News comes from Memphis that Olivier Award-winning playwright Katori Hall (whose The Mountaintop was presented in Nashville in a production directed by First Night Honoree Jackie Welch and starring Mary McCallum and Rashad Rayford - who won the First Night Award for best actor for his performance as DR. Martin Luther King Jr.) has been named artistic director of Hattiloo Repertory Theatre in its efforts to establish itself as the leading exponent and proponent of African-American theater in Tennessee's largest city. Hall, who's working on a musical based upon the life of fellow Tennessean Tina Turner, and who calls Memphis, New York City and Switzerland her home bases now, will serve as artistic director while commutinG. Hall's selection as artistic director is brilliant: All of her work is suffused with a sense of Memphis, its heritage and history, its art and its creativity. It doesn't hurt that Hattiloo, which used to be housed in a storefront near the famed Sun Recording Studios, has now moved into a new $4.3 million state-of-the-art facility.

GOOD MORNING, THEATERATI for May 10, 2017Today, Nashville Repertory Theatre kicks of its annual Ingram New Works Festival, which this year features the unveiling of five new works - including one by Christopher Durang - through May 20. All staged readings begin at 7 p.m. and are held at the Nashville Public Television building at 161 Rains Avenue. Make reservations at Admission is $10 per person and a festival pass - providing one person admission to one reading of each play - is $35 per person. This year's schedule includes plays by Nate Eppler, Stacy Osei-Kuffour, Gabrielle Reisman, Andrew Rosendorf and a new play by Tony Award-winner Durang, whose new play will be presented on May 19 and 20. Among the other new plays being presented during the annual festival:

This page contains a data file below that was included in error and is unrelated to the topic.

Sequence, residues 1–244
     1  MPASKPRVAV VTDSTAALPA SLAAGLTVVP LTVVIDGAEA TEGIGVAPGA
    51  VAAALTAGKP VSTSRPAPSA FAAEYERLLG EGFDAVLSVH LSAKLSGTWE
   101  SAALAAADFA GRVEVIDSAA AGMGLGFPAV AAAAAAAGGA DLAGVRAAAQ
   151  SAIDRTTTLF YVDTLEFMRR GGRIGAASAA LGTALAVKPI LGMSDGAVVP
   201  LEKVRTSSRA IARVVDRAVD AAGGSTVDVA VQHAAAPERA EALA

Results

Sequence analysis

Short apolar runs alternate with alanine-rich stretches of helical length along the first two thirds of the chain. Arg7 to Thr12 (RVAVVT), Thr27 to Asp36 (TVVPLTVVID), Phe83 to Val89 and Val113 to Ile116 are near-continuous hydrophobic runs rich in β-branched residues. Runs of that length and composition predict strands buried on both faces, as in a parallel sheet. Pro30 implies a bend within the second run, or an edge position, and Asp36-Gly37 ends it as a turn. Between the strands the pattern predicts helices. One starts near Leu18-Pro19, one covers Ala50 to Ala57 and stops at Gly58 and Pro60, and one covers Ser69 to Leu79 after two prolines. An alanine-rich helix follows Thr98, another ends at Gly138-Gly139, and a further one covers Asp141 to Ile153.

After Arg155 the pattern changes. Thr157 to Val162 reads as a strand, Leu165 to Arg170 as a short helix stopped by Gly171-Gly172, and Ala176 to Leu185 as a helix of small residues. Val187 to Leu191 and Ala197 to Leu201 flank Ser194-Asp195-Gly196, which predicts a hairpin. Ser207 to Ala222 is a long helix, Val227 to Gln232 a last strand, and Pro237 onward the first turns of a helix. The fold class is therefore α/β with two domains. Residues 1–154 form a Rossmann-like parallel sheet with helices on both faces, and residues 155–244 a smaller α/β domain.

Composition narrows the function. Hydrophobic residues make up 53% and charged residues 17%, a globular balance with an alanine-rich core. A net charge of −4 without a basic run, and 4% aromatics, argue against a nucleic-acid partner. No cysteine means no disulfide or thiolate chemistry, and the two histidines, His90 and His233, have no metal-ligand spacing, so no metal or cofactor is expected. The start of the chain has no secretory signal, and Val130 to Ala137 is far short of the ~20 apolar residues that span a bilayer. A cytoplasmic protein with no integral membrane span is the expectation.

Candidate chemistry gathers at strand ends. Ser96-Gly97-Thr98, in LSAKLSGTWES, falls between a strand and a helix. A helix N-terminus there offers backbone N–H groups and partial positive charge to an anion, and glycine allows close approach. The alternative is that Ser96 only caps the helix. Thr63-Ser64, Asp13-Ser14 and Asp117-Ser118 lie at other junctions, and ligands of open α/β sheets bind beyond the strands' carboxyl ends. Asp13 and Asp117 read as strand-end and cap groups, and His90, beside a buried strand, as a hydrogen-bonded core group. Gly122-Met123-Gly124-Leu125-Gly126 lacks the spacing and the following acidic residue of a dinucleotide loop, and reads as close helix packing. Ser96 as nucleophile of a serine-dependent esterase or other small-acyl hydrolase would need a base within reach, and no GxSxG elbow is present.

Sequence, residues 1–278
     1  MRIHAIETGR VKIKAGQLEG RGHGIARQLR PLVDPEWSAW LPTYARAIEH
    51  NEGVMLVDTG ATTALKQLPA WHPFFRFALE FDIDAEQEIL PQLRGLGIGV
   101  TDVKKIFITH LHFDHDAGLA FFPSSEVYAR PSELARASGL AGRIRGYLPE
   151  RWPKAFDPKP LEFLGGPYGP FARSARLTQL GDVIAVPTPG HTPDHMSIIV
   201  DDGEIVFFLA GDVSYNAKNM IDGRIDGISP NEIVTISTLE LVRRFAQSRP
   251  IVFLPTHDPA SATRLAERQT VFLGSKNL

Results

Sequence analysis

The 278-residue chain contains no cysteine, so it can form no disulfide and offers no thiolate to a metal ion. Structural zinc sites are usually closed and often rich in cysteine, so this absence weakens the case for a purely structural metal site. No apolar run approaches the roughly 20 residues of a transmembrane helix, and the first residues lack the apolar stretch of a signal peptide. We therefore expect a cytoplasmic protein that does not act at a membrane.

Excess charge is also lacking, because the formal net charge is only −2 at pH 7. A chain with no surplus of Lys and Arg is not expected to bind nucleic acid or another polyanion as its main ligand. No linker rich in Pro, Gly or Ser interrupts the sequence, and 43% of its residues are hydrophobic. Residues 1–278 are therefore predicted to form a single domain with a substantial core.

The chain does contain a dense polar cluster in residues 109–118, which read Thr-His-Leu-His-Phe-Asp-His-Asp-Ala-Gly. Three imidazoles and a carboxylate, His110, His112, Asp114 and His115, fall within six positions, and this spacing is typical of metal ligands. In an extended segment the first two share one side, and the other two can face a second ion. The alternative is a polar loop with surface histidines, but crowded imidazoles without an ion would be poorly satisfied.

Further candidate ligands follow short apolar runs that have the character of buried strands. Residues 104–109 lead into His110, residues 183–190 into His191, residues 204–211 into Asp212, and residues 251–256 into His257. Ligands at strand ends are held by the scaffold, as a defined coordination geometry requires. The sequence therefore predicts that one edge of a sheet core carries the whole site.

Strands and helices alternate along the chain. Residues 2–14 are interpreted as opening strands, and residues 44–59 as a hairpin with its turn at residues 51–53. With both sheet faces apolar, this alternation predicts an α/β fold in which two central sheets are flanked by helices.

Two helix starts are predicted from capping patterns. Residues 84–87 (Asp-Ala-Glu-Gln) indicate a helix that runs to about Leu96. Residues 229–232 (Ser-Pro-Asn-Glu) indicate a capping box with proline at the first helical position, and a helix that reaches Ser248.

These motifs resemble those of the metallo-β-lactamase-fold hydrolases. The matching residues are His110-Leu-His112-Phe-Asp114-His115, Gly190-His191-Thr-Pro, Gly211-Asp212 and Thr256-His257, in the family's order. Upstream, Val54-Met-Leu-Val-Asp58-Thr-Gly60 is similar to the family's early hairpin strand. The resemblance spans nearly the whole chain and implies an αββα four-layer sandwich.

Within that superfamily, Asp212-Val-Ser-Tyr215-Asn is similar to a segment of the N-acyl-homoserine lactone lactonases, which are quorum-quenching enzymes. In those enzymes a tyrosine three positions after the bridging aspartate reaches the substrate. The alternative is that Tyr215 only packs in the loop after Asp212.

Primary User by Nate Eppler (May 10 & 17) - Oz and Mia built a chatbot. They used Oz's social media posts and emails and texts as a basis for the personality of this digital assistant. When Oz suddenly dies, Mia is unexpectedly left with a digital monument. But she isn't the only one grieving the loss - Oz's new fiancé Liz had no idea this is what Oz and Mia were working on. When Mia offers a copy to Liz, the women do not agree on who can claim ownership of the technology or ownership of the grief. (Adult Content, Adult Language)

Pattern Seeking Animals by Gabrielle Reisman (May 11 & 18) - Louisiana's coastline is disappearing. A plot of land the size of a football field is swallowed every hour by rising water. As the ocean creeps up on the town of Jean Lafitte, scientists and state administrators bargain over its future, and a theatre troupe arrives to tell the town's story. When a storm threatens everyone's plans, the citizens of Jean Lafitte - from the mayor to a pair of young Piggly Wiggly employees trying to make some sense of what comes next. (Adult Language)

Mermaid by Andrew Rosendorf (May 12 & 16) - When Everett, 9-years-old, tells his parents he's a girl, it shakes up the entire family and sends them smashing into an altercation with their own beliefs - no matter how liberal they think they are. Mermaid explores our ever-evolving understanding of the spectrum of gender and sexuality, of masculinity and femininity, and where we presently are with it in society - especially when looking at the gap between generations. (Adult Content, Adult Language, Frank Discussions of Sex and Sexuality)